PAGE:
Marharyta: We call them or message them.

Khrystyna: Today there were two air alarms, and every time you see on your phone an air alarm in Ukraine, you think: how are my parents?  I must call them. It’s so scary. 

Anastasiia: So even in America worry doesn’t leave us. If we’re in Ukraine or we’re in America, worry is always with us, because it’s about our homes.

Khrystyna: And our homes can get ruined.

Hannah: When people see something about Ukraine in newspapers, they say it’s so sad and pray for Ukraine, and then they have their life, and forget. 

I understand you’re going back home on August 21st.  What do you want to share from what you have learned in America with your family and your friends?

Anastasiia: Our dads can’t go abroad so I want to tell my dad and all my family about America, about my acting experience, about what I saw, and about how Americans help Ukraine.

Hannah: I just want to hug my dad, my grandma, my dog, and kiss them.

Terry: Hannah’s dad is the director of the show, Oleg. And Mariia is Oleg’s wife and she’s directing the show here.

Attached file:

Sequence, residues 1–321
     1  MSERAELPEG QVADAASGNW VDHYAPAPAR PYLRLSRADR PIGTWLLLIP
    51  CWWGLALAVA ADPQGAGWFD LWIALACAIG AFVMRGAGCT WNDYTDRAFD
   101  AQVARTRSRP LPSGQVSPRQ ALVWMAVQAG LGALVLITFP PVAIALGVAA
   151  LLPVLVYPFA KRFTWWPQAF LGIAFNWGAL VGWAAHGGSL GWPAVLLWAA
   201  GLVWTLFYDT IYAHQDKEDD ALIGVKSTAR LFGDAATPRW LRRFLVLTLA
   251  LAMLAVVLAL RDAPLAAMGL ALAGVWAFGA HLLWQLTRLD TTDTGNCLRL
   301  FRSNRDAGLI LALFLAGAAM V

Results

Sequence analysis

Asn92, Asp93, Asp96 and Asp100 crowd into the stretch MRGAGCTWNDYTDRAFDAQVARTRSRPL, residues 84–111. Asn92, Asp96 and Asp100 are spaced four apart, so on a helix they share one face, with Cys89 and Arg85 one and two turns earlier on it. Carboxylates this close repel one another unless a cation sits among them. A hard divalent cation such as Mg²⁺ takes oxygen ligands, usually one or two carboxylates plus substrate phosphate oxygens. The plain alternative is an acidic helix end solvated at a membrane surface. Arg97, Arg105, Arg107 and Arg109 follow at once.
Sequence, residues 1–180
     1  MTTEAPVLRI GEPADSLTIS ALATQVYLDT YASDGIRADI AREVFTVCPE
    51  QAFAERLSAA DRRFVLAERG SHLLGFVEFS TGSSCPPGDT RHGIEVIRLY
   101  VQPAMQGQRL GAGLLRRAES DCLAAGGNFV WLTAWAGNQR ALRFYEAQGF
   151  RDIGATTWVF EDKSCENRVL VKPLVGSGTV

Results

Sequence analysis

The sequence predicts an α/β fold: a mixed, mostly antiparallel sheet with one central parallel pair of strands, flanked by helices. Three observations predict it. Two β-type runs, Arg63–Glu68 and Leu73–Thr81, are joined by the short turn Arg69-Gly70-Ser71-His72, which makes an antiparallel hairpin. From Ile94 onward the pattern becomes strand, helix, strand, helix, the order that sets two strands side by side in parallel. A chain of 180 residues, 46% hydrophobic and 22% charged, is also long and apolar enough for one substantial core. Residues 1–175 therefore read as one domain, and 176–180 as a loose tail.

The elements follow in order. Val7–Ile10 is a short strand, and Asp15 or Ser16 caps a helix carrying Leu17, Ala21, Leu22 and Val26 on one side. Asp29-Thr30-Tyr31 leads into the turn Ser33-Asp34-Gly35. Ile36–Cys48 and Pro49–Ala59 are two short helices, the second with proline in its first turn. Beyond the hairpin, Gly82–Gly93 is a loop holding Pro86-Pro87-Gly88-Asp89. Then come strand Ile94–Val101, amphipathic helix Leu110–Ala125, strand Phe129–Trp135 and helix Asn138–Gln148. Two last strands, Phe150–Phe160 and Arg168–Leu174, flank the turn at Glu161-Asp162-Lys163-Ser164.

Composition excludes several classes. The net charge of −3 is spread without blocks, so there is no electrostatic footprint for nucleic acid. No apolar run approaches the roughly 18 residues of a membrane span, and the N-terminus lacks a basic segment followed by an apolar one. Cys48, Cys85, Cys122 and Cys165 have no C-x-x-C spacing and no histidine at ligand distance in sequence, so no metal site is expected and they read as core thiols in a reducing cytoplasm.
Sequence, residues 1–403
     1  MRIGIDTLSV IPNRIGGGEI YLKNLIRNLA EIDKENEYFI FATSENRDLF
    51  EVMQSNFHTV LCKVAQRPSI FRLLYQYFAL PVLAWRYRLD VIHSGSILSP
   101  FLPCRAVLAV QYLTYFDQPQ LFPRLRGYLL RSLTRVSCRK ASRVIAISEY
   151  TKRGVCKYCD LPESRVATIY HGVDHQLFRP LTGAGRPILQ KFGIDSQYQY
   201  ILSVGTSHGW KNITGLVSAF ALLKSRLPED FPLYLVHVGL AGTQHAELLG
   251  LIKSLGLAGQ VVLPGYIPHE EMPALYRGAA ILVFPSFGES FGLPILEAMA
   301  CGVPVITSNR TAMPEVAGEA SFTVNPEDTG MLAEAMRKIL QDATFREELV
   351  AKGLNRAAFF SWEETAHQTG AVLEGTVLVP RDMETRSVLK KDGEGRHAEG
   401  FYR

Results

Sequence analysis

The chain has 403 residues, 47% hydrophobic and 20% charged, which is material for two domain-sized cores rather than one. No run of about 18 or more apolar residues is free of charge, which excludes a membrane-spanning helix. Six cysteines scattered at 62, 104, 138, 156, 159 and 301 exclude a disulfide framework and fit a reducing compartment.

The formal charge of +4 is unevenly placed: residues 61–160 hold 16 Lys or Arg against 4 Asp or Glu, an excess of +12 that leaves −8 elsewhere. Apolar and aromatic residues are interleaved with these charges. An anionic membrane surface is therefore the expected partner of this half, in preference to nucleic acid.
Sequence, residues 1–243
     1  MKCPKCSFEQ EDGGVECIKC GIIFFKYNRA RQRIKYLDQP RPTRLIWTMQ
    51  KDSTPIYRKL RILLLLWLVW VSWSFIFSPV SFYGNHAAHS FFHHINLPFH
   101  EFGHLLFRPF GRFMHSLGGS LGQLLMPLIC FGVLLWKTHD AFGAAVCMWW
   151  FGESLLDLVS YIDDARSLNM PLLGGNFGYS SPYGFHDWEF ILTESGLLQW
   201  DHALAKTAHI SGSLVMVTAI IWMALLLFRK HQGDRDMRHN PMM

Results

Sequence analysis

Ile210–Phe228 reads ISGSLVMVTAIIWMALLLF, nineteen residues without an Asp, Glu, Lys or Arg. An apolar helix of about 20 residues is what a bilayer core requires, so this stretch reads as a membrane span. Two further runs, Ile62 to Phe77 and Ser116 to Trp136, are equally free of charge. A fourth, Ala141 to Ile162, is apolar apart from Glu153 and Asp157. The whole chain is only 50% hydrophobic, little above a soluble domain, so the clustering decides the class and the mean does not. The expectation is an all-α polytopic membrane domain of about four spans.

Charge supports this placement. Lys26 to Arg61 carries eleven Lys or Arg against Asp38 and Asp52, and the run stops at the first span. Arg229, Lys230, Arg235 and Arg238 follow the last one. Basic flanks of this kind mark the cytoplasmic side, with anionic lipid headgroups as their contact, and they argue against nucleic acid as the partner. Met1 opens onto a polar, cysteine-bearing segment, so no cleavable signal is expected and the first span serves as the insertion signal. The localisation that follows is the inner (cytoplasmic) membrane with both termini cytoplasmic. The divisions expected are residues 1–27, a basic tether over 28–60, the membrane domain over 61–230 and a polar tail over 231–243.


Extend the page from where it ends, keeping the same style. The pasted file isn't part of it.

How is this experience for you, Mariia?

Mariia: I’m very happy because it’s a good experience. I am getting ready for the performance and giving them additional songs from the Ukraine. I’m also an actress and singer. 

Marharyta: She said we are real actors because we have challenges, and we know how to improvise. Sometimes the microphone is broken, or we don’t have a curtain or other things but we don’t stop.

Terry, how do you hope that American audiences respond to this special performance?

Terry: Yes, it is a special performance but it’s about more than that. It’s about how performance fits into society as a whole, and when a society is broken and suffering like in the Ukraine; it’s about the meaning it has there and how that can be transferred over here.  

Do you foresee that it might help getting even more assistance from the U.S.?

Terry: I hope so. That’s always the hope, that people start to talk even more about Ukraine, more about these children and their bravery, and step up.

At a welcoming BBQ, seated from l. to r.: Oleksii Oneshchak, Marharyta Kuzma, Anastasiia Mysiuha, Hanna Oneshchak, Sofiia Goy, Valeriia Khozhempa; standing: Nikol Bodiuk and Khrystyna Hniedko